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JUDICIAL RECKLESSNESS & LIMITS OF “AS THE COURT PLEASES”: LEGAL ISSUES ARISING FROM JIGAWA-COURT-INSPIRED DISQUALIFICATION OF PROF. SOLUDO_

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(By Udems)

Because of the pride of place the judiciary occupies in society, the courts of law have come to be applauded as the temple of justice, the last hope of the common man, a bastion of hope for sustenance of true democracy, rule of law and due administration of justice, the impartial arbiter, et cetera. This is because of public belief and confidence in the disposition and ability of the courts to dispense justice with utmost impartiality, notwithstanding whose ox is gored and ensure that in all cases, justice is not only done, but is seen clearly to be done. Judicial and other officers involved in the administration of justice must therefore engage and be seen to engage only in conducts and pronouncements that inspire, promote and sustain, rather retard, public confidence and respect. Bearing this in mind, I now ask, what manner of recklessness is this displayed by the learned trial judge of the FHC Jigawa, in the Soludo/APGA case in re the upcoming Anambra Governorship elections? Is this not the type of scenario that could ground a disciplinary procedure against a sitting judge to serve as a deterrent to other Please, don’t tell me that “as the court pleases” should apply here!
And I do not think the learned Judge’s privileges or immunity extends to absolve him from blame in the present instance.

ThisDay Newspaper of July 17, 2021 had reported as follows: “Citing obedience to court rulings, the Independent National Electoral Commission, (INEC), yesterday dropped Prof. Chukwuma Soludo of the All Progressives Grand Alliance (APGA), and Valentine Ozigbo of the Peoples Democratic Party (PDP) from the unveiled list of candidates for the November 6 Governorship Election in Anambra State.In the originating summons, a chieftain of the party, Okoye Nwabuogo, is seeking an order of court setting aside the election and nomination of Soludo as the party’s candidate for the November election.The suit dated July 6, 2021, and filed the same day by counsel to the plaintiff, Okoro Nkemakolam, is further seeking an order restraining Soludo from parading himself as the validly or duly elected candidate of the party for the said election.Listed as defendants in the pre-election suit, are APGA, Prof Charles Soludo and INEC. While urging the court to invalidate and set aside the entire primary election of the party held on June 23, the plaintiff is equally seeking an order of injunction restraining INEC, listed as 3rd defendant, from accepting the name of or recognising Prof Soludo (the 2nd Defendant), as the candidate of APGA (the 1st defendant), for the Anambra State gubernatorial election scheduled to hold on November 6, 2021”. (https://www.google.com/amp/s/www.thisdaylive.com/index.php/2021/07/17/anambra-election-inec-excludes-soludo-ozigbo-apga-kicks/amp/)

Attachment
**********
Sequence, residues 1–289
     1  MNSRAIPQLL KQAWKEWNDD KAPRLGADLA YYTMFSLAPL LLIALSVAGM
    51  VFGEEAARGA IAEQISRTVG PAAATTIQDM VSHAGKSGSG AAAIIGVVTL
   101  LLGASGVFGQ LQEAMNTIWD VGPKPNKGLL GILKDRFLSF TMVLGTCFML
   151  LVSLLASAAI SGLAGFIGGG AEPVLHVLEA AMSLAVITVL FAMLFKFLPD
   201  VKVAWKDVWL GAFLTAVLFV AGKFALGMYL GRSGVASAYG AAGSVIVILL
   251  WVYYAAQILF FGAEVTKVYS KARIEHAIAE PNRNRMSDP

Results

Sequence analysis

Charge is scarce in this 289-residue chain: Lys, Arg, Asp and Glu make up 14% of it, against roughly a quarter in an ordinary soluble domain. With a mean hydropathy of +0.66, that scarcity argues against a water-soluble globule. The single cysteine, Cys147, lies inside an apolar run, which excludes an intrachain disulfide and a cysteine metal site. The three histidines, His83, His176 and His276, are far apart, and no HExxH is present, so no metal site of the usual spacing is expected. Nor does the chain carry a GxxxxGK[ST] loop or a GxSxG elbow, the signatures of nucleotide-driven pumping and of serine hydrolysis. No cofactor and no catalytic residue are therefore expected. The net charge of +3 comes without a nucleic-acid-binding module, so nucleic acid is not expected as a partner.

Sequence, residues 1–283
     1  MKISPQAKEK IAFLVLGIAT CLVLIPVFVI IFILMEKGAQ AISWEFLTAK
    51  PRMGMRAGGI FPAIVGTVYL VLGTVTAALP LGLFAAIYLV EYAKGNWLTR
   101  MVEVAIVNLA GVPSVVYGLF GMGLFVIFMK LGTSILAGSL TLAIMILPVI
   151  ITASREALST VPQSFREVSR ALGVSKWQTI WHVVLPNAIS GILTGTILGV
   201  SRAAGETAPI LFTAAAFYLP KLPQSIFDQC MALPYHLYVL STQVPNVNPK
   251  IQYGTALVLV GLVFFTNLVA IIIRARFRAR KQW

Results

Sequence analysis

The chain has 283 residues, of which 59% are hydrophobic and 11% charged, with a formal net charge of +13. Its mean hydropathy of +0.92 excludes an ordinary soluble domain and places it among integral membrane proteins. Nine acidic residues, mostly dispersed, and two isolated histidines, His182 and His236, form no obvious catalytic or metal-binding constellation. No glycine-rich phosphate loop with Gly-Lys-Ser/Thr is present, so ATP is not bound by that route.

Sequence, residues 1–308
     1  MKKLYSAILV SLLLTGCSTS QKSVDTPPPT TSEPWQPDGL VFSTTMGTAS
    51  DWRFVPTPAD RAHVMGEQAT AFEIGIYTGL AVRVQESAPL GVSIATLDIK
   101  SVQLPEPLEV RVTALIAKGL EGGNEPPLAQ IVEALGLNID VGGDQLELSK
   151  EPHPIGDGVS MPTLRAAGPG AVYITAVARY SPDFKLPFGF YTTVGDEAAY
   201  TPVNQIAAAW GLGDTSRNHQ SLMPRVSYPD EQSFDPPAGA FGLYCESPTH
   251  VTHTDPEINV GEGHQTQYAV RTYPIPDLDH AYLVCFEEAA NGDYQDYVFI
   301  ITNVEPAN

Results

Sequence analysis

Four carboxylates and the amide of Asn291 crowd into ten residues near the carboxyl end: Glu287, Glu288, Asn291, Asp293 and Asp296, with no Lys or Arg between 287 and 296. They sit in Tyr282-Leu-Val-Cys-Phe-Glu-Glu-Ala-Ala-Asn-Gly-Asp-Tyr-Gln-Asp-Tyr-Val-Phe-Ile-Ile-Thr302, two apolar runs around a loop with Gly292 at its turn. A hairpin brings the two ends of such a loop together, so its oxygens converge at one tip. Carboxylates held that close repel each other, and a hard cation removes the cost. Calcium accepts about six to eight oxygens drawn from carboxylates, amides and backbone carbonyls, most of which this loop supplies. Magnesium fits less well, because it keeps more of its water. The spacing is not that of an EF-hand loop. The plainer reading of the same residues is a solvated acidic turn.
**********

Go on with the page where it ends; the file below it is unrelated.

The Federal High Court (Civil Procedure) Rules 2019 and the rule of law have made provisions to ensure there must be an end to litigation. The extant law abhors multiplicity of suits. Hence, all necessary parties should be joined to all suits at all times to ensure that all issues arising for determination are resolved with finality in the interest of justice, res judicata and estoppel. As of the time the plaintiff (s) came before the Hon FHC Judge in Jigawa State over matter arising from the Anambra State APGA governorship primary elections, with due respect, the trial judge ought in the interest of justice, fair-play and rule of law, to have done the following: 1️⃣. The judge ought to have sent the parties to the proper forum. The proper forum is the FHC in Anambra State because there are Federal High Court (FHC) Courtrooms in Awka, the State capital with presiding Judges who are not answerable to anyone within Anambra State.